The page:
“People are surprised by how familiar it tastes,” says Abianne Falla, founder of CatSpring Yaupon, one of the first commercial suppliers of the crop, based in Cat Spring, Texas. “But they notice that it’s a lot smoother and less astringent. That’s because yaupon doesn’t have tannins, which are what people are usually trying to cut with sugar or milk.”
Falla says the brand’s Green variety mimics a Japanese green, the Medium Roast an oolong, and the Dark Roast a standard black tea. And because there are no tannins, you never have to worry about steeping for too long, which can turn other teas bitter. “We have a restaurant here in Austin, Dai Due, that does a four hour hot steep with the Black, and they’ll get almost four gallons of iced tea from one ounce of loose leaf,” Falla says.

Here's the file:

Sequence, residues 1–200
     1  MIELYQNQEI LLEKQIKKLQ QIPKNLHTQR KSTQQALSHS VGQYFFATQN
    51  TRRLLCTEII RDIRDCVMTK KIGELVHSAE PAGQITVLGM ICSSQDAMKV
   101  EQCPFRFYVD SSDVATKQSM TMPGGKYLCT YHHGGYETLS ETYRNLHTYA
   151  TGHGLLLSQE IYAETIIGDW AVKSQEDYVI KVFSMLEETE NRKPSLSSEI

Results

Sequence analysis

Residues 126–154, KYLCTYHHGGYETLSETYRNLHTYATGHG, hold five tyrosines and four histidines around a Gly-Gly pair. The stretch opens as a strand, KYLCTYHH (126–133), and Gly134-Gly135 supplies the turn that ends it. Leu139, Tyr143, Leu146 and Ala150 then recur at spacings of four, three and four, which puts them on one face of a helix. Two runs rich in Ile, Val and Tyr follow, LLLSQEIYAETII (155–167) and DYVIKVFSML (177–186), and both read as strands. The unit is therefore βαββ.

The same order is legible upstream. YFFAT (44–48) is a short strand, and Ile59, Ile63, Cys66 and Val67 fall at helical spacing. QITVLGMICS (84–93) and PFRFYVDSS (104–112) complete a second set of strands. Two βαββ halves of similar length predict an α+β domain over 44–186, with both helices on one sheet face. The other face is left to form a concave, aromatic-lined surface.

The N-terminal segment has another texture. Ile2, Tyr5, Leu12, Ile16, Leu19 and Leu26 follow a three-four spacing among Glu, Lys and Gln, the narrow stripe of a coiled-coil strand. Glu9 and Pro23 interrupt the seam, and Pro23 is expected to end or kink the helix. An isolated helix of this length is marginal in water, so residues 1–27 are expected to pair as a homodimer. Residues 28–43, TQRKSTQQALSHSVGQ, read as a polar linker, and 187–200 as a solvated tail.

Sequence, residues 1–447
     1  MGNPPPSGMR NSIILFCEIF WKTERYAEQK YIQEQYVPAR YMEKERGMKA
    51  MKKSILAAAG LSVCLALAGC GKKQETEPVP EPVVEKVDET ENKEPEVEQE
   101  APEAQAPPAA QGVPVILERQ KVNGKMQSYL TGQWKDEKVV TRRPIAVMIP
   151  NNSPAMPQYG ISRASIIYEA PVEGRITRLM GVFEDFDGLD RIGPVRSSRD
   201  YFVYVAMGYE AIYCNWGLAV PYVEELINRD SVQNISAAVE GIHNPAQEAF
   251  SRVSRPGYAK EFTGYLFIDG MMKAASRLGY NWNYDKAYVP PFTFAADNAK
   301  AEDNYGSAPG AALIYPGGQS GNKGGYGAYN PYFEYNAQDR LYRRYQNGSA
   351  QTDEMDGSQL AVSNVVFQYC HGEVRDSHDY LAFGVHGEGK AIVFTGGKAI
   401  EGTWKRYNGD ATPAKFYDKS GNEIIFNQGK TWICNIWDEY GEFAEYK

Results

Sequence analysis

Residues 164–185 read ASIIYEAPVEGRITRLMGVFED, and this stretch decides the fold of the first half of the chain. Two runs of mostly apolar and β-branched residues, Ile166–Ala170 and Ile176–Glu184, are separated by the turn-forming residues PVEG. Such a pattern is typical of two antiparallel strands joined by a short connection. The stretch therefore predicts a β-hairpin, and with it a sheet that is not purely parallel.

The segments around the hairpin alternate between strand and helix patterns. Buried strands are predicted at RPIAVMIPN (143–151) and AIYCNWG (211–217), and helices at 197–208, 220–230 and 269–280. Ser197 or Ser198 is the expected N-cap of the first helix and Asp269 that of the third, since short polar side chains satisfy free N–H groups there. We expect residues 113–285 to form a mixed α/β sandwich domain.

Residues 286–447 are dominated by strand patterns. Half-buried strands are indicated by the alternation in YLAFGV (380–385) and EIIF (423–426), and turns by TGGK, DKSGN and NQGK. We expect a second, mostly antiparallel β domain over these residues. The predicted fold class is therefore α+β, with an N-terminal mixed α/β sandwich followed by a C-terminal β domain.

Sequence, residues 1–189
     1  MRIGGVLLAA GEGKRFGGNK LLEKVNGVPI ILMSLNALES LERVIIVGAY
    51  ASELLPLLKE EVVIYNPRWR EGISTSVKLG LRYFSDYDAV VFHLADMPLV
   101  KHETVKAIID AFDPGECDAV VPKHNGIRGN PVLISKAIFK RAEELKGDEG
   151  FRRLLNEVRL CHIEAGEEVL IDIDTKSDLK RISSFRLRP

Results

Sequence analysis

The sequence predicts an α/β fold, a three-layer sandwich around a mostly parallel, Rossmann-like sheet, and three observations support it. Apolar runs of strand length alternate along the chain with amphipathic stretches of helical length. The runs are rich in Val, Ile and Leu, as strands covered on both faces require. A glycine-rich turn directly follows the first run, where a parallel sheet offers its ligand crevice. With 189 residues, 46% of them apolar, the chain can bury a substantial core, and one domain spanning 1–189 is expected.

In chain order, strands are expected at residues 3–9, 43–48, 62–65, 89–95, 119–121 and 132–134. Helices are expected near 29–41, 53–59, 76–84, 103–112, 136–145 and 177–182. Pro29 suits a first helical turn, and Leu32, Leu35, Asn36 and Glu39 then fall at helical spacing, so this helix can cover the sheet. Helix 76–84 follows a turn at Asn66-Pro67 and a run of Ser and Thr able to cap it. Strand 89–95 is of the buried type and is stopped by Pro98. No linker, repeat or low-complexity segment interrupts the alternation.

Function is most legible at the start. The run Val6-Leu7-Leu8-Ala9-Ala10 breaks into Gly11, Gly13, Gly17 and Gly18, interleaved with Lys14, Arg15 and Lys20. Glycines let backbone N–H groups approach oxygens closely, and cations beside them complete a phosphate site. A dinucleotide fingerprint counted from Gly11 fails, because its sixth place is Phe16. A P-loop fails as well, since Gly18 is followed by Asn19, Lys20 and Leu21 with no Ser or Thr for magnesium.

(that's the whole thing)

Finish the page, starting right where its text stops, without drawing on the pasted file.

The effects on the body are less intense than your average cup of coffee, with about 25 to 30 milligrams of caffeine per serving. Some theorize that the interaction of the caffeine and other amino acids in yaupon create a delayed release into your large intestine, rather than your stomach. “So you don’t get the spike and then the crash,” Falla says. “The anecdotal feedback we get most often is that it’s a focused, more mental boost than anything else.”
And then there are the health benefits. The nutritious brew has an antioxidant level similar to blueberries, and the same kinds of polyphenols as green tea. Plus, it’s high in rutin, a natural anti-inflammatory, as well as saponins, which act as natural cleansers.